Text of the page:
Let’s discuss some effective strategies to combat stereotypes in schools:

a. Promoting diversity among students – By recognizing and promoting many cultures, religions, and backgrounds, schools can actively promote diversity and inclusion. The inclusion of people from different backgrounds in discussions and activities in the classroom, as well as the creation of a secure and welcoming learning atmosphere where all students feel valued and respected, are examples of how to do this.

A study that appeared in the journal Social Psychology of Education found that making a culturally responsive classroom atmosphere can improve students’ academic performance, engagement, and sense of belonging.

b. Introducing different perspectives to students – One of the most effective ways to lessen the threat of stereotypes in the classroom is to aggressively challenge the temptation that many of us have to only want to hear from people we agree with. While it’s not ideal, the prevalence of stereotypes in literature, movies, teaching materials, and even current events offers students a fantastic learning opportunity. To demonstrate how readily we accept biases as fact, ask students to identify stereotypes they see in curriculum materials or the news and discuss them in class. Be sure to call attention to any preconceptions that are ignored.

c. Becoming a role model – Research in the Journal of Personality and Social Psychology suggests that students can acquire excellent role models who dispel misconceptions through their schools. This may entail bringing in speakers from different backgrounds as guests and highlighting the achievements of accomplished people of various sexes, races, and ethnicities. 

For example, Kalpana Chawla is one instance of a role model who disproved prejudices. The first Indian-American woman to fly in space, Chawla worked as a mission specialist and primary robotic arm operator on the STS-87 mission in 1997. She pursued her passion for becoming a pilot despite numerous barriers and preconceptions that implied women were not capable of pursuing professions in aviation. Kalpana Chawla migrated to the United States to continue her education after completing her studies in India. She eventually joined NASA as an astronaut and participated in two space flights, making important advances in science.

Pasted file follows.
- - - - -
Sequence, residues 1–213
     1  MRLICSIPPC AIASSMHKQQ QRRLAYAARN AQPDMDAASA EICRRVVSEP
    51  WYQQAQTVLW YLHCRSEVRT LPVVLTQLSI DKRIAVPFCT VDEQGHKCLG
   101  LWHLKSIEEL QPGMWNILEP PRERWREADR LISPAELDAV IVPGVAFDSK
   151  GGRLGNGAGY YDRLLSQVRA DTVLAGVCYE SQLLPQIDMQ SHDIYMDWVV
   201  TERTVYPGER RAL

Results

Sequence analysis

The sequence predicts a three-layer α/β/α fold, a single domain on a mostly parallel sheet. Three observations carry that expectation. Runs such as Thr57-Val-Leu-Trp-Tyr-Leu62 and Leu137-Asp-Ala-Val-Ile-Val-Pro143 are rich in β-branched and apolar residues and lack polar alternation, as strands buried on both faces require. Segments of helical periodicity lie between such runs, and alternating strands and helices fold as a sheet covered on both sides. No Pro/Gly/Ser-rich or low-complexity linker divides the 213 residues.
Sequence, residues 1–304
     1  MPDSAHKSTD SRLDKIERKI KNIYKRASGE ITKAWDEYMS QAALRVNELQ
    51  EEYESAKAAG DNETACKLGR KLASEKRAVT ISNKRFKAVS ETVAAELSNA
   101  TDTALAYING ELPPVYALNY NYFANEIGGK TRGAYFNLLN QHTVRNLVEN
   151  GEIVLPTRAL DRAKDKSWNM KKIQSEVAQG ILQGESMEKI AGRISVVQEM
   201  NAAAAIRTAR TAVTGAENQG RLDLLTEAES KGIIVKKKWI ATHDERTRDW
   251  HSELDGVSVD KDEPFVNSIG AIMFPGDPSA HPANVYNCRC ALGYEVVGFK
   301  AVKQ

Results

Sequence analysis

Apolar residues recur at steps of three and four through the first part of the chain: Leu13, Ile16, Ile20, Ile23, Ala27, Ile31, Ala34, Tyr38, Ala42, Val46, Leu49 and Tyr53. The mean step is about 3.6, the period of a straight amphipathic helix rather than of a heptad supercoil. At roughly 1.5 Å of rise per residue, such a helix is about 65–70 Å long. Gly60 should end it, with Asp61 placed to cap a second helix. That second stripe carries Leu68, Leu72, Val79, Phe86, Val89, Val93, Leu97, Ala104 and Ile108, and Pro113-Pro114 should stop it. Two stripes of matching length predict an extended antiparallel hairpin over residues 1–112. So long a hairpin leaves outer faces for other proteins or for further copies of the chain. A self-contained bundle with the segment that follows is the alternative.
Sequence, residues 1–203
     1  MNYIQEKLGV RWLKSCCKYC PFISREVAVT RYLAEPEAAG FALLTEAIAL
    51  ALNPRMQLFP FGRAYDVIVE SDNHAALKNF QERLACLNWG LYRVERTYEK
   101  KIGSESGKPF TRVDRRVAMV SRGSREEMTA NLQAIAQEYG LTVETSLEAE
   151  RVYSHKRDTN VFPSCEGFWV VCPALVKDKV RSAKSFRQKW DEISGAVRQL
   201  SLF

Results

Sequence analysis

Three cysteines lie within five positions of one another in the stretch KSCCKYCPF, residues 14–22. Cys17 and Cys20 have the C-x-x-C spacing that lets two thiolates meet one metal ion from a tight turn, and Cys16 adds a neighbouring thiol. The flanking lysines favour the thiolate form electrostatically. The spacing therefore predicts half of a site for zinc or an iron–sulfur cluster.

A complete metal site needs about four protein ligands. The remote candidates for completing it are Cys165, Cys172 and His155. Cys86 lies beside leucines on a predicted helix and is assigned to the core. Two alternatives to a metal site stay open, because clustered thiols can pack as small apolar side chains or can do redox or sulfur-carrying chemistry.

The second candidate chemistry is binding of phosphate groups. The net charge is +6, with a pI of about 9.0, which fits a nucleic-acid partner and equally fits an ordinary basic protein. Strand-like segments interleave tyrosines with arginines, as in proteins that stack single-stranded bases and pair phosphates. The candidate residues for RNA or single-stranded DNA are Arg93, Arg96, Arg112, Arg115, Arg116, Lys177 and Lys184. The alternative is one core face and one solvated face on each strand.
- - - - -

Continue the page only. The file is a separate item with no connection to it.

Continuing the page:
Stereotypes can have a large and widespread effect on pupils in schools, especially for girls and students from underrepresented groups. Positive stereotypes can promote and maintain inequities, while negative preconceptions might restrict pupils’ academic performance and hope for the future.

There are several strategies educators can employ to lessen the impact of stereotypes in classrooms and counteract these detrimental effects. Promoting diversity and inclusion in the curriculum and classroom is one practical tactic that can aid in dispelling prejudices and fostering a more welcoming learning environment. The successes and contributions of people who have overcome preconceptions and found success can be highlighted by educators as good role models for pupils from varied backgrounds.

The effects of stereotypes can also be diminished by challenging them and promoting critical thinking. Teachers can contribute to the development of a more thoughtful and reflective learning environment by encouraging students to challenge stereotypes and consider their own prejudices. Finally, helping students from marginalized areas overcome the harmful impacts of stereotypes requires supporting them and providing them with tools. Access to mentorship programs, academic support services, and resources for families and communities are all part of this.

By putting these tactics into practice, schools may encourage a more equal and inclusive learning environment for all children while reducing the detrimental effects of stereotypes. In the end, it is only through these initiatives that we can work to build a society in which every person has an equal chance to prosper.